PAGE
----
Overall Rating: A (95-98)

Rating: 5 out of 5.

Is this a perfect movie. No, not by a long-shot. There are things that I wish were a little better. The ending felt a bit rushed, there was the limited on-screen time for the African American actors/characters, and there were a couple of smaller issues that could have been ironed out, but overall, I had a tense, but enjoyable time watching the movie.

I’ve not felt this excited about seeing naval battle sense Master and Commander: Far Side of the World. I really liked it and felt that both Sony and Apple scored a win with this one.

Sidney


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Mini-Movie Review: Gemini Man

Will Smith with a "face capture" rig performing "Junior."
Image Source: https://www.fxguide.com/fxfeatured/face-it-will-gemini-man/

Over the Fourth of July Holiday weekend here in America, my family (my mother and my step-father) and I watched Gemini Man. I was leery at first as it didn’t get very good reviews, from professional reviewers (26% Critical; 83% Audience). Now, going in, I’d seen the trailers, but I didn’t really know anything about the script (apparently, a 1997 script that had been bought, shelved because the technology wasn’t good enough at the time, and then attached to many different stars), nor did I now anything about the preferred way it was shown (4K, 120 frames per second, and 3D).

The Script

Okay, so I should be clear–my mother and step-father liked the movie; me–not so much. Most of my issues stem from the script. While I liked the action scenes, I felt there were too few of them based on the movie’s concept/trailer, but really I had two major problems: the dialogue and the pacing. The dialogue actually factors into the pacing–there’s too much dialogue. In most movies, dialogue reveals character. Here, however, the dialogue is mostly exposition. For instance, there was a great scene where Mary Elizabeth Winstead’s character and Will Smith’s character are discussing a “wire” that Smith’s character just found. Very witty and very real–and then, (minor spoiler). it is revealed that she really is spying on him, which just undercut all emotion, characterization, and wasted 3-5 minutes of screen-time setting up something just to throw it away on the very next scene. Maybe have some doubt for a while until it matters, and then reveal it when she has to make a choice–save Smith’s character and reveal her identity or keep her identity secret? How about that, script? No? Okay–your call. 26% Rotten Tomatoes score–just saying.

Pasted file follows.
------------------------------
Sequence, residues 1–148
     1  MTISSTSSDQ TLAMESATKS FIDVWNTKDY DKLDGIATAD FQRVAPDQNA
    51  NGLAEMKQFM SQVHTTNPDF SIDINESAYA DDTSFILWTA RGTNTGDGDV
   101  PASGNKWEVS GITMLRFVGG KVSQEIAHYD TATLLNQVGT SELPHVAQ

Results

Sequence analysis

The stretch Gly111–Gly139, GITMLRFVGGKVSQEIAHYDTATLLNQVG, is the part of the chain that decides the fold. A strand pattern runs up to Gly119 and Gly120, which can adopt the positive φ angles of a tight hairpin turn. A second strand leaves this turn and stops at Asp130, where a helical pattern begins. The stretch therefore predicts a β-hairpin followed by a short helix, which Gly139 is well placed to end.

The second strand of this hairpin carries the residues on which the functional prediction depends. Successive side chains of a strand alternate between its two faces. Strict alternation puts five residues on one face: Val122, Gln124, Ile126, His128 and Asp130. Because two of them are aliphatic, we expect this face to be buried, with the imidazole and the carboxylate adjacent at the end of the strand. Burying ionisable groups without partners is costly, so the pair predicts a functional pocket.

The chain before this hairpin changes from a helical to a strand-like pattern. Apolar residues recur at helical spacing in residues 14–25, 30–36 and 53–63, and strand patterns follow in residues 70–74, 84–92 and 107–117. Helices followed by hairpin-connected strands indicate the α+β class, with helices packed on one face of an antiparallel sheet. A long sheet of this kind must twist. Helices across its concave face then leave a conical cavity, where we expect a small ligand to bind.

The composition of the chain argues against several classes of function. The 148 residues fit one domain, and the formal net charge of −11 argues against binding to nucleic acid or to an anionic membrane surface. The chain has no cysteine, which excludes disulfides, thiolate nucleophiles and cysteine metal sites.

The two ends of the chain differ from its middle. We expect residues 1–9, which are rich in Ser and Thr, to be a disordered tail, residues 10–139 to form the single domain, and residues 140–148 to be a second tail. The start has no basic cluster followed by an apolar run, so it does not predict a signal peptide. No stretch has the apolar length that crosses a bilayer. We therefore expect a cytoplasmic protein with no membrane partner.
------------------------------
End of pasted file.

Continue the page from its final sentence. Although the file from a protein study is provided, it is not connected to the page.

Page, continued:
Also, I think that it really feels its age as it seems to make more of “cloning” without actually getting into the science behind it. It’s almost a “cloning = bad” situation going on without actually taking into account some of the real-life “horrors” that have happened as recently as the Chinese doctor (Dr. He Jiankui) who “gene-edited” babies. There’s none of that “real world” world-building going on.

Young Will Smith (aka “Junior”)

So, most of my problems with the movie come from the script. Some of it comes from the CGI in the movie. I liked the performances and the look of “Junior” in the night scenes, but in the day scenes, it was clear that it was CGI and dipped (for me) into “Uncanny Valley.”

I thought that the beginning scenes almost worked at times, but the ending scenes, while I liked the dialogue, didn’t quite work for me.